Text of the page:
The portage landing itself is quite nice with room for gear, canoes and tired bodies having one last swig of filtered water r a handful of dried fruit prior to the paddle back to the island campsite. If you've chosen the campsite on the far, or southern, side of Louisa the paddle home is almost a straight line. We headed around the point to the left or east and continued on to the cluster of islands where we left or gear. Weather permitting, you should have enough time to swim and get in some hammock time prior to cooking supper.

Saturday Morning Variation 2:

Our second visit to this beautiful spot found us paddling due east and exploring campsites down the length of Louisa. On the way toward the eastern end of Louisa we stopped to put on rain gear which guaranteed that the light rain soon stopped. However, as we looked back down Louisa to the West, we were greeted by a beautiful view. The islands which dot the mid-section of Louisa were lined up in such a way as the resulting photos are some of our favorites. We portaged into Rock Lake and ate our lunch on one of the small islands in the area adjacent to the portage landing. Although we encountered greater activity it was not so intrusive as to ruin or own search for tranquility.

Photo: Another Louisa Lake campsite.

On the return we stopped at campsites on the southern shore and found some an attractive site up on a large clearing. I remember it as grassy with great shoreline rocks making it an inviting spot and a worthy goal for a destination site. I imagined my hammock set out in the sun and a good book to read and only steps from the shoreline. In my mind it is picture perfect, but I have many such places after visiting Algonquin over the years.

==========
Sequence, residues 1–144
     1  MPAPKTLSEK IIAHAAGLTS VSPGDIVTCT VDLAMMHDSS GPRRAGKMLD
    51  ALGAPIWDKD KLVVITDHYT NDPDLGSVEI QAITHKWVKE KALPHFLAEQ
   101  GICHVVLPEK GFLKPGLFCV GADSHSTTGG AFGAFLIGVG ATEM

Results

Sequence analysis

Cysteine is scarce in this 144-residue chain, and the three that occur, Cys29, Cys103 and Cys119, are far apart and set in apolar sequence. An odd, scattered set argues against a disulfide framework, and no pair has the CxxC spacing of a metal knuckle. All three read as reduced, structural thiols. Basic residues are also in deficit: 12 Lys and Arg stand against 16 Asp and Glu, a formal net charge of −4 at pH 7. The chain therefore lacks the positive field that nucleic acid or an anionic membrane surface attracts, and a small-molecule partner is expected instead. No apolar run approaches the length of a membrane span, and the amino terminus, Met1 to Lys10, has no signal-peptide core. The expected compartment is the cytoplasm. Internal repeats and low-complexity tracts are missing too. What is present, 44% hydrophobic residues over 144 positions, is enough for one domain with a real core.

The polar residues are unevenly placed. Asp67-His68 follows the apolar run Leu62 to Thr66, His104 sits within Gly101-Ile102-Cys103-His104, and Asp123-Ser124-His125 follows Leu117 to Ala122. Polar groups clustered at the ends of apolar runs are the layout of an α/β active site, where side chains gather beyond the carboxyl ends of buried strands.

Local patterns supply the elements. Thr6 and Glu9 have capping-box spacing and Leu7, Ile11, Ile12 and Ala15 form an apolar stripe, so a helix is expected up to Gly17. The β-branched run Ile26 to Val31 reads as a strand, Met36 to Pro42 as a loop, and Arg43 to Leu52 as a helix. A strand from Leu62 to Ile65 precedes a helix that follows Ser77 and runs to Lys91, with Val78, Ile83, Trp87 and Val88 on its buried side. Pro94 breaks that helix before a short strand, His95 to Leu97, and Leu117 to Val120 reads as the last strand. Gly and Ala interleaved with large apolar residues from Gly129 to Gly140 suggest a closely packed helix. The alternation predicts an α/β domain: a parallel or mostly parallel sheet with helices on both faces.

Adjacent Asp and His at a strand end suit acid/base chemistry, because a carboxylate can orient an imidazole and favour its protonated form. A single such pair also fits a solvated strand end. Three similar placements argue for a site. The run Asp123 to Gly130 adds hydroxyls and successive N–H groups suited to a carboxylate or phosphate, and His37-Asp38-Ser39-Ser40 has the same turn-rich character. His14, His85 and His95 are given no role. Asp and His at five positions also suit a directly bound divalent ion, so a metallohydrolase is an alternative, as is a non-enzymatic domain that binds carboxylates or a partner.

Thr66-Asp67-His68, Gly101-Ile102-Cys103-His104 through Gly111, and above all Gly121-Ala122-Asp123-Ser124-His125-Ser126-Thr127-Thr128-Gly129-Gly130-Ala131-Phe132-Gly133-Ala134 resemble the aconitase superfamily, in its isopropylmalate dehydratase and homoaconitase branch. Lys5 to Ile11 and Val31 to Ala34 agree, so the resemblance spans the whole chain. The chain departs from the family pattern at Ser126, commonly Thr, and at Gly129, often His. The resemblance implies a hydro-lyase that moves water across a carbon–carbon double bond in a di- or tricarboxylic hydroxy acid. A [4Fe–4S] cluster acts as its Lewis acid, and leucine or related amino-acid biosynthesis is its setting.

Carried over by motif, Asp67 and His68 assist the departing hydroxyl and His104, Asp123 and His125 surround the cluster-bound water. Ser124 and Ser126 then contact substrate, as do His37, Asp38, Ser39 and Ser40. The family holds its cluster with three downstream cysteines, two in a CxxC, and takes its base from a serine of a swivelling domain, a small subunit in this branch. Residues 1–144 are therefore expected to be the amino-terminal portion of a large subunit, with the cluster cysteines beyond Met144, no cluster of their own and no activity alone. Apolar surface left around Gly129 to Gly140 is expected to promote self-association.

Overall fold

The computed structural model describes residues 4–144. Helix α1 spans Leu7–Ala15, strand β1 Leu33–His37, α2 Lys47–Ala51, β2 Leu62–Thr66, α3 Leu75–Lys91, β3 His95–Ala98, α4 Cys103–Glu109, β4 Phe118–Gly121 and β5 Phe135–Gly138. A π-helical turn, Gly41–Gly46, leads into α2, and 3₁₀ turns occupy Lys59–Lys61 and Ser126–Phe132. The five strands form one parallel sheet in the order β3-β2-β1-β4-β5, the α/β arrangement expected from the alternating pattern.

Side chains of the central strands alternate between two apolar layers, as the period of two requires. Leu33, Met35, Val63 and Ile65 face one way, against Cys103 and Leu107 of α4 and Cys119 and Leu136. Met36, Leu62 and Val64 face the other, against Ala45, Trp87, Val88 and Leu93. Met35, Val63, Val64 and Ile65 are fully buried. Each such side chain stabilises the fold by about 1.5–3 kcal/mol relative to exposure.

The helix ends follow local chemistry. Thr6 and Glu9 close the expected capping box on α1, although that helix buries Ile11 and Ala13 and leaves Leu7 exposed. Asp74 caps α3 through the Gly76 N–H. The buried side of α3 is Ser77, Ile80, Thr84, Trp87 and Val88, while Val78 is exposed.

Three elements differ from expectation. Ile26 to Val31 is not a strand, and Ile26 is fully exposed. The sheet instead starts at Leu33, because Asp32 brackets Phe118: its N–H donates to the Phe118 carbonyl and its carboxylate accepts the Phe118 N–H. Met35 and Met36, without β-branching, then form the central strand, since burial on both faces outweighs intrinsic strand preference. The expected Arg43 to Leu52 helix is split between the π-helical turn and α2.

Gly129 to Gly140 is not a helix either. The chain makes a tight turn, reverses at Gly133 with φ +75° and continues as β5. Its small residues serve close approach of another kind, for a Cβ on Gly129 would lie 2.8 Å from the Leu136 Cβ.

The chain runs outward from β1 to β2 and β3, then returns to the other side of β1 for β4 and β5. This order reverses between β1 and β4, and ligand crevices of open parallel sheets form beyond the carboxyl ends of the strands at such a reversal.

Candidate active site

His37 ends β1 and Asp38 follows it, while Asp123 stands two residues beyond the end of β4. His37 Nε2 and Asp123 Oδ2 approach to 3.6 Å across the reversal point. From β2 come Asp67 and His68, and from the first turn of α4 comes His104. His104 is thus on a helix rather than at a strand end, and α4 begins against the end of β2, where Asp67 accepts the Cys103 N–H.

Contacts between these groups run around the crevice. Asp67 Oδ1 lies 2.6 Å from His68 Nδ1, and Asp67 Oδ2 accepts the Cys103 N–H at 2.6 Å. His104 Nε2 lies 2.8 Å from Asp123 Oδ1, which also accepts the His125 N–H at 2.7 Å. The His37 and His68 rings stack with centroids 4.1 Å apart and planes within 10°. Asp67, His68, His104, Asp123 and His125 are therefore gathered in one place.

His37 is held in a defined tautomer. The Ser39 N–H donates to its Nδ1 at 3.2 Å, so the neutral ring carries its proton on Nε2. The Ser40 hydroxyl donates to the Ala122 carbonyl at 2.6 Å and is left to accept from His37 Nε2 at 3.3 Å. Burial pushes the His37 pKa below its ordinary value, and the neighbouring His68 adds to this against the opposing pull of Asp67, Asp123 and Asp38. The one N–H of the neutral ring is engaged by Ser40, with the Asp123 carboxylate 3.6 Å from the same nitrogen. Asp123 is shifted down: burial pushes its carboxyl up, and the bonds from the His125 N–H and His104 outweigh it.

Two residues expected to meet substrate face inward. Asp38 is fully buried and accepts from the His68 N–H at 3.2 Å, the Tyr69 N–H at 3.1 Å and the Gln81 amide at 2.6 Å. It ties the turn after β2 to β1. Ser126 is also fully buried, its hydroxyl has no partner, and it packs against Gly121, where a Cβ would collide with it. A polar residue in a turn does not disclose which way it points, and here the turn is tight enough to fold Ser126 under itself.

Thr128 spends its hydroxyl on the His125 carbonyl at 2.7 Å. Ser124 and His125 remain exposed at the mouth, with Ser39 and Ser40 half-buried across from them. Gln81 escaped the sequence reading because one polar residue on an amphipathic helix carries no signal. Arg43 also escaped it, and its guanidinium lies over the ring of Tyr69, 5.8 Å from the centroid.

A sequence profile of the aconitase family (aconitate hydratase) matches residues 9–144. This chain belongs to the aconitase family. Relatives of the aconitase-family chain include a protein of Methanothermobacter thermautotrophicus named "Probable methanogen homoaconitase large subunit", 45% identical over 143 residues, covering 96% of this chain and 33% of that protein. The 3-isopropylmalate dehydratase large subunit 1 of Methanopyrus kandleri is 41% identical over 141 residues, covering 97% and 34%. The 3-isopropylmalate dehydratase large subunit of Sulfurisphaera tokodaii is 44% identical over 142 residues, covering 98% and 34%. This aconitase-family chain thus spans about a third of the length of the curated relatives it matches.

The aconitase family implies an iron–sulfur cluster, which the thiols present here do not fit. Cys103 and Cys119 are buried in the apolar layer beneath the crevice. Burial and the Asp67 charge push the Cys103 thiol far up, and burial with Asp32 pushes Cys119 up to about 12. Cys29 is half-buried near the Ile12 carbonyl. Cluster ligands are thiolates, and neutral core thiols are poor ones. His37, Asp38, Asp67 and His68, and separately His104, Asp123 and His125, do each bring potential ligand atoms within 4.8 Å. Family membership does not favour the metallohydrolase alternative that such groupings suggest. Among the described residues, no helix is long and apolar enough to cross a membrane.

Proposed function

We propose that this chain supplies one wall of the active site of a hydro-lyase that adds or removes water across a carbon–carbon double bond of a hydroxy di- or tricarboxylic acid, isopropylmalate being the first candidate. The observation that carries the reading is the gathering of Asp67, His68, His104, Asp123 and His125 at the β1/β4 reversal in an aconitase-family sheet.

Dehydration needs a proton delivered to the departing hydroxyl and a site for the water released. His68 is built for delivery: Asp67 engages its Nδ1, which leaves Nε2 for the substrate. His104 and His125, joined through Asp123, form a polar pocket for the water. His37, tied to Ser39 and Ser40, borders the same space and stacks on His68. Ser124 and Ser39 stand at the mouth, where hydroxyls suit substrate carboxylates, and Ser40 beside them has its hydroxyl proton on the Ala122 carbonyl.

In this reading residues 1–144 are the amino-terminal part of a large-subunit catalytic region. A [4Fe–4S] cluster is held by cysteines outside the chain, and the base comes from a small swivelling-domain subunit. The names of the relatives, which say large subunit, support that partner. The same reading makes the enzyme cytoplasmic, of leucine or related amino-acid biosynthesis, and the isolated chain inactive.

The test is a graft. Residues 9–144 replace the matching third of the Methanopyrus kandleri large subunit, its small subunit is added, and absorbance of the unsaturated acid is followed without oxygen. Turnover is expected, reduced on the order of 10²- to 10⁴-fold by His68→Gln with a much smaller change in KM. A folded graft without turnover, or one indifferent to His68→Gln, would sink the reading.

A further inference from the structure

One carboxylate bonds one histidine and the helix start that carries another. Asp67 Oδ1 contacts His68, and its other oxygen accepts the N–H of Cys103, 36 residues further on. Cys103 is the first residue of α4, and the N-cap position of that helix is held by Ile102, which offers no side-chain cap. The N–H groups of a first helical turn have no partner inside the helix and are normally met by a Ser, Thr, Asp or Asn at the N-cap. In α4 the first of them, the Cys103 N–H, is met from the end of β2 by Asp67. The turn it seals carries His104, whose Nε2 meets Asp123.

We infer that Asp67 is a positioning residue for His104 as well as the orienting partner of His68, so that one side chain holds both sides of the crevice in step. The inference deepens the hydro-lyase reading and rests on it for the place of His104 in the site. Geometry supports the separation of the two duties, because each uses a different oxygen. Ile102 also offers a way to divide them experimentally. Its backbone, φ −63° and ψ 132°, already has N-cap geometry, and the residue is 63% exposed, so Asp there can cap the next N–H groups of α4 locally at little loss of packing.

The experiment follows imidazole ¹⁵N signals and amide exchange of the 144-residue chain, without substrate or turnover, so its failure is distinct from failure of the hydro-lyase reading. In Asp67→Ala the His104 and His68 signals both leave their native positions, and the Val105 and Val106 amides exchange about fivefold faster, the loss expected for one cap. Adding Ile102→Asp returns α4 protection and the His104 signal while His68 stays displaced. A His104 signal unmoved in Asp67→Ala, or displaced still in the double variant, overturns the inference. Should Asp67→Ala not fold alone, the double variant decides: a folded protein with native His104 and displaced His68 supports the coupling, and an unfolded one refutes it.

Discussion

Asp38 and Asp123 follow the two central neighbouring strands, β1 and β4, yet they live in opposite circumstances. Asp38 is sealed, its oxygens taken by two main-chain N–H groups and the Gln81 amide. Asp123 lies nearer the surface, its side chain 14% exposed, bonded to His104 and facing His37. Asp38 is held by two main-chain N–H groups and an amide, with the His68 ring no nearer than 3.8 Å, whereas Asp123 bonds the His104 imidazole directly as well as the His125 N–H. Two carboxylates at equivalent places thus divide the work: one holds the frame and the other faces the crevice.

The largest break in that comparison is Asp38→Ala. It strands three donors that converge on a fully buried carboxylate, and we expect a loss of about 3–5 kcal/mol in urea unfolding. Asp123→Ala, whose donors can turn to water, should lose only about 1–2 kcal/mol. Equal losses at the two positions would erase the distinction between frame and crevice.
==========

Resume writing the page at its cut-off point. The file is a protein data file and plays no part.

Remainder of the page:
Saturday Morning Variation 3:

Another variation which provides the option of camping at a different location OR another day trip note that Baron, Gill and Jester paddled from Big Porcupine Lake through to Louisa via the Whatnots. Taking the southern portage out of Big Porcupine, paddling Little Coon and climbing the Devil's Staircase, we paddled through McGarvey Lake and headed east across Lemon Lake, North Grace Lake and made Louisa our overnight on a long weekend paddle. If a day trip is being considered, reverse this direction and head for Big Porcupine and then connect with Bonnechere for a continuation of the loop described above, returning to Louisa from the North out of Lawrence and Rod & Gun Lakes.

Saturday Morning Variation 4:

Photo: The long portage trail to Rock Lake.

Though we have not done so, other day trip options include paddling East to Rock Lake, paddling south and portaging into Pen Lake, working up the Galipo River, then enjoying the paddle through Welcome and Harry Lakes. The return to Louisa would be following the Galipo River to Rence Lake then turning North to Frank Lake and Florence Lake. From Florence Lake the 1725 meter portage would place you back on Louisa in the southwestern bay.

Saturday Night: